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Discussion Starter #1
I went and shot my first IDPA tournament at my local gun range. I had a great time and plan to do it every week from now on. The thing is I received the scores from that match, and there was one other person in my pistol class and he was ranked sharpshooter. He definitely did better than me, but I would like to know how my score ranks with people who are new to match shooting like I am. My match score ended up being:
Match --Penalties--
Score
ACM 6-8-2011


Match Score: PD NT PE FN: Stage 1 Stage 2 Stage 3
85.07 10 0 0 0 33.76 (5) 34.69 (4) 16.62 (1)
Is that good? bad? decent?
 

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There is no way to tell. We would need to either see the stages or better yet the other peoples scores to compare. It looks like your accurate. From the times given they were either really long stages or you just took your time.
 

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Like VR4 said, it is impossible to tell just based on the information given. With the infinite possibilities of stage design and round count there is no way to know. The only way a comparison could be made is if you had shot the classifier where we all shoot the same stages.

Glad you had a good time and welcome to the sport. It is a lot of fun.

OK, I found the posted scores for your match. The other guy in ESP outshot everyone by quite a bit so even though he is listed Sharpshooter my guess is he is above that level. So in that regard don't compare yourself to him. If I counted right you ended up 11th out of 18. With that and how your score compared to the others I would say you did very well for your first time out.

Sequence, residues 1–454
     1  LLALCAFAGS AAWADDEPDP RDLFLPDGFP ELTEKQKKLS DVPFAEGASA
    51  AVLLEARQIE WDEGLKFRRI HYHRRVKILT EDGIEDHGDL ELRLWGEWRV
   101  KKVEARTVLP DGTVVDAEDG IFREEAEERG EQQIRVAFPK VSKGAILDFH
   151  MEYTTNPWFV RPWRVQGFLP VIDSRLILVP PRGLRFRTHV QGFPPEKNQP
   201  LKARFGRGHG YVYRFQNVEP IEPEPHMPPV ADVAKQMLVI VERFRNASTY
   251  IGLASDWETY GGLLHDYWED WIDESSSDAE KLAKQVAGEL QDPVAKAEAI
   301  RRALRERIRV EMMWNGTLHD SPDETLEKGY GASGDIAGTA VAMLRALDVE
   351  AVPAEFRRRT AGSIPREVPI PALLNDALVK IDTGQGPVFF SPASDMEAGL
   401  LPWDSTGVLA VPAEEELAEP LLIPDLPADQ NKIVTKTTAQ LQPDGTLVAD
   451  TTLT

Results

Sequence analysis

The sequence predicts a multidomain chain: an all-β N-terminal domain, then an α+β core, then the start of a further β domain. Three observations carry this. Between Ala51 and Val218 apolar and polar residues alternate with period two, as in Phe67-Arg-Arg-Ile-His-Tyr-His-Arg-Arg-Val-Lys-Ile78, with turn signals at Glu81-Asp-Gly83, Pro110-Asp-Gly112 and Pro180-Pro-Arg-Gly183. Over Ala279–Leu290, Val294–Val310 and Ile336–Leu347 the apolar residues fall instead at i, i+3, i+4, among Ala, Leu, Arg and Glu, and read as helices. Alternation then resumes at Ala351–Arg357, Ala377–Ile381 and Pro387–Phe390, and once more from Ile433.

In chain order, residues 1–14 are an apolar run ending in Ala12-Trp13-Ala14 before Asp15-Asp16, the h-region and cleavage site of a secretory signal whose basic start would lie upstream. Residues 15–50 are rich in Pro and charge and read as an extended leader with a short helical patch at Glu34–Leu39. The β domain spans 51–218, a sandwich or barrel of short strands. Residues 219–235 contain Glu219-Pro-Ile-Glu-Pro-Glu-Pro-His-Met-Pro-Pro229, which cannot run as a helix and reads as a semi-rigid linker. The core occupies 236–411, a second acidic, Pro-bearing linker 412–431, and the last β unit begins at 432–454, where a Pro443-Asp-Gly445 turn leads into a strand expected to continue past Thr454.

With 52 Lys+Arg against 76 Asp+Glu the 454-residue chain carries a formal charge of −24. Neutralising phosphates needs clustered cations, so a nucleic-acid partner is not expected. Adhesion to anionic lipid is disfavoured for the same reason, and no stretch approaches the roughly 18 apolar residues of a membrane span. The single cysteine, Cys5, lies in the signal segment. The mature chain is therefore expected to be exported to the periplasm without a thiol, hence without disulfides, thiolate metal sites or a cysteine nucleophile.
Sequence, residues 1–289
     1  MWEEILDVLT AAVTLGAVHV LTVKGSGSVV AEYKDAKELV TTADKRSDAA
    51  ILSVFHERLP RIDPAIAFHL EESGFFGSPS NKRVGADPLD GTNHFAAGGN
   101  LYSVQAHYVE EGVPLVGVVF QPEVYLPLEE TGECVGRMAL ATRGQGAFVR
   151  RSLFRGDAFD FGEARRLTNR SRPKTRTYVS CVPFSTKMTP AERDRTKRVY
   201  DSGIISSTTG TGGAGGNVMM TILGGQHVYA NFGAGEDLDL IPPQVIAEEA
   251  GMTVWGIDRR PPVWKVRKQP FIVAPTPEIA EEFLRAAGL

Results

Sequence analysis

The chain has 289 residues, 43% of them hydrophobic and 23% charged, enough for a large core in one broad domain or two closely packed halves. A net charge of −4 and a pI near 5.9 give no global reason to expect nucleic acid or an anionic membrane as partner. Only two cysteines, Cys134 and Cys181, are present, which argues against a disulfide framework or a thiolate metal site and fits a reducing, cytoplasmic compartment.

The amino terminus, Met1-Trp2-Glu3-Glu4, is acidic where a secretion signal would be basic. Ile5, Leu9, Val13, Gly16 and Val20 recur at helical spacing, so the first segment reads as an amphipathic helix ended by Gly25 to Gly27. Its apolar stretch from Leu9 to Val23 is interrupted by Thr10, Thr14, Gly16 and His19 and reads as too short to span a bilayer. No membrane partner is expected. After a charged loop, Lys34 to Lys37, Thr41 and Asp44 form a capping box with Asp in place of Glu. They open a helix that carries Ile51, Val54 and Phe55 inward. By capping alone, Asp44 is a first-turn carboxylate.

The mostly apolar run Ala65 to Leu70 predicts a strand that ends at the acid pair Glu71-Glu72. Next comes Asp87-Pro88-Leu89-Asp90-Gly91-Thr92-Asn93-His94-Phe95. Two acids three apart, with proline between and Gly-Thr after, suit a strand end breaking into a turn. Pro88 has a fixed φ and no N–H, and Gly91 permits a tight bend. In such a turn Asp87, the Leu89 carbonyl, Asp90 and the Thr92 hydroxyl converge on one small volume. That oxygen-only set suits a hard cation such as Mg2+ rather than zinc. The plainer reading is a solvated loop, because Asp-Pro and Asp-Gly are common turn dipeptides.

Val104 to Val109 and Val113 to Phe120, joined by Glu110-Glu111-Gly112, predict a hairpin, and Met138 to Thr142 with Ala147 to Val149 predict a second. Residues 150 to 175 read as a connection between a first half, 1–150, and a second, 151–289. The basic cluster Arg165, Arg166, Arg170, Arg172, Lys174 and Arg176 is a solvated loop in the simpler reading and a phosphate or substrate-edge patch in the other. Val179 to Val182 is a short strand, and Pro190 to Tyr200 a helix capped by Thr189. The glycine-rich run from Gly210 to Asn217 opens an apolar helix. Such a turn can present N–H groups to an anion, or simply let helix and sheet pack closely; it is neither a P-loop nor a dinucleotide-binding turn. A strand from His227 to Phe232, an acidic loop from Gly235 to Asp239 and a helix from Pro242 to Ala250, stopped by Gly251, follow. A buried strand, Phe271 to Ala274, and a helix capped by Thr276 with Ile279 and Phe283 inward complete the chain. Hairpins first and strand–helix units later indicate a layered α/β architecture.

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Discussion Starter #4
Thanks cats and vr4. I'm not really worried about the score, because i had a great time.This was just purely out of curiosity.
 

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Not a problem. If you practice you will find yourself climbing the latter so to speak.
 

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Dry fire improves without a shot fired. Practice slow perfect draw to sight picture. Mag changes and shooting while moving.
This can all be done in the basement and results will show the next time at the range/IDPA.
 

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Dry fire improves without a shot fired. Practice slow perfect draw to sight picture. Mag changes and shooting while moving.
This can all be done in the basement and results will show the next time at the range/IDPA.
Completely agree. Practice your dry fire(Strong/weak/both hands), your tac and slide lock reloads, malfunctions, and firing while moving.
 

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The person I compete with at IDPA is...me. I am constanly trying to improve my overall performance. There are always those who shoot better than I do.
 
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